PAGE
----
Wrapping up this crazy November, and dishing about my next book.

99c sale is over

First up, the 99c sale on Unteachable is OVER. All retailers except Amazon are back to full price. Amazon changes it when Amazon feels like changing it, so you may have a couple hours left to grab UT at the sale price before it switches back. I won’t be doing another 99c sale for a good long time.

(For future buying decisions: my books will always debut at full price, and will not go on sale until long after release. If you’re worrying about waiting for a random 99c price drop—don’t.)

Goodreads Choice Awards + USA Today Bestseller

Sadly, UT didn’t make it into the final round of the Goodreads Choice Awards for Best Debut Author, but hey—even getting into the semifinals was amazing. As was hitting the USA Today Bestseller List. The love you guys have shown for this unknown indie author is endlessly humbling. Thank you so much for reading, voting, and joining me on this crazy rollercoaster ride.

Next book

Laney

I hinted at my next book in this excellent interview about Bad Girls, Slut-Shaming, and Sexual Empowerment in YA + NA (which includes a giveaway for a signed paperback). Now I’m going to do a little more than hint.

My next book (codenamed NACR2—because I’M CREATIVE) is a New Adult contemporary romance/suspense novel. Our main character, Laney, has a secret she’s been keeping from everyone—one that drives her to do things she never thought she’d be capable of. Things like causing pain.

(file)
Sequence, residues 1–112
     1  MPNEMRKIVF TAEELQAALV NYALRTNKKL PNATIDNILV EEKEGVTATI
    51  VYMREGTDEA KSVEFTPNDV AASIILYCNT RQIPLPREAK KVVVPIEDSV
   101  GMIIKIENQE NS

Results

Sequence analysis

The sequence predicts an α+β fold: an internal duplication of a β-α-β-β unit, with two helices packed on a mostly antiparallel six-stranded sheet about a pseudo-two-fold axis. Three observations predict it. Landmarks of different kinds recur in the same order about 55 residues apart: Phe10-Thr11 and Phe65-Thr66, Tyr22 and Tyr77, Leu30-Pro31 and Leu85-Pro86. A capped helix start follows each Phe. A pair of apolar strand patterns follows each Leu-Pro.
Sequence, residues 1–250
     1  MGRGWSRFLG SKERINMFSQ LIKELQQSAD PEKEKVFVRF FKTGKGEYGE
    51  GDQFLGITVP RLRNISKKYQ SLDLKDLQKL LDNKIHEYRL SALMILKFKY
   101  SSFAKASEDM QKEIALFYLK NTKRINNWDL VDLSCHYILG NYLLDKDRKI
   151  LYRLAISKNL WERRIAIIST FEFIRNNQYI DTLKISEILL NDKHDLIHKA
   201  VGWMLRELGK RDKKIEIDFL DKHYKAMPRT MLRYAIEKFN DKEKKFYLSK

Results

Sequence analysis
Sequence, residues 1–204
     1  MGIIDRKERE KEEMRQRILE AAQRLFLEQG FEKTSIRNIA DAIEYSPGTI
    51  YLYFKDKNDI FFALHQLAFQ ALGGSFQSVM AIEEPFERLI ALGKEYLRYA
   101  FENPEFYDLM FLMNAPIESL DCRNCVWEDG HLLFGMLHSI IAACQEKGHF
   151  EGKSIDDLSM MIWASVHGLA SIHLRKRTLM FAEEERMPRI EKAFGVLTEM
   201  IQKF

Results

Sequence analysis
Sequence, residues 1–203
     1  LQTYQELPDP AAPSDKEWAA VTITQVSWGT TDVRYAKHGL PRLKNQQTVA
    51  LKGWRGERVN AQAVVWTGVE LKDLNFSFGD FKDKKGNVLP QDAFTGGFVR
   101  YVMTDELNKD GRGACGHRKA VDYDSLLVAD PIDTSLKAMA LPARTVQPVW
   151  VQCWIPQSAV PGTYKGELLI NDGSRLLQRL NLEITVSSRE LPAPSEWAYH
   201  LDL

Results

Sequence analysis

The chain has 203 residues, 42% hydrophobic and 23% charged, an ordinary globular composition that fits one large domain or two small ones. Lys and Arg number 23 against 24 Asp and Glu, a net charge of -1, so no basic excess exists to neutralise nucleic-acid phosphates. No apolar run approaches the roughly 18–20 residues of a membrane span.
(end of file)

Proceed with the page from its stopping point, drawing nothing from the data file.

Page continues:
And ending it.

Armin

In Laney’s freshman year of college, she meets two people who change her life forever: Armin, a boy who becomes the light in her darkness (not a sexual euphemism, swear)—and Blythe, a girl with her own secrets, who is willing to cross any line for those she loves. The three of them become inseparable…until a crime one of them has committed threatens to tear their trio apart.

Blythe

I’m doing a few things very differently in this book compared to most New Adult fiction, and I’m a little nervous about how it’ll be received. But I took risks with Unteachable, too, so apparently I’m setting myself up to be That Author. The one who pushes boundaries and makes you uncomfortable. This novel is much darker than UT, but in some ways I think it will, ironically, be less disturbing, because there’s no huge age gap. Will the other elements squick some people out? I can only hope.

If you’re curious, I’ve got a Pinterest inspiration board for this novel that contains some delicious mancandy. And girlcandy, too, if you’re into that.

By the way, for fans of Unteachable: this is not a sequel or spinoff to UT, but you will definitely recognize a certain minor character. ;)

I’m hard at work on this WIP right now, and I’ll share more details with you guys in the near future. As always, thanks for reading.

Unteachable is up for Best Debut in the Goodreads Choice Awards.

Goodreads Choice Award 2013

Holy stuffed ponies, people. My little ol’ romance novel Unteachable is up for the humbling honor of Best Debut in the Goodreads Choice Awards.

And you guys wrote me in to get this book into the Semifinals. You are seriously the best readers ever. Thank you, thank you, thank you.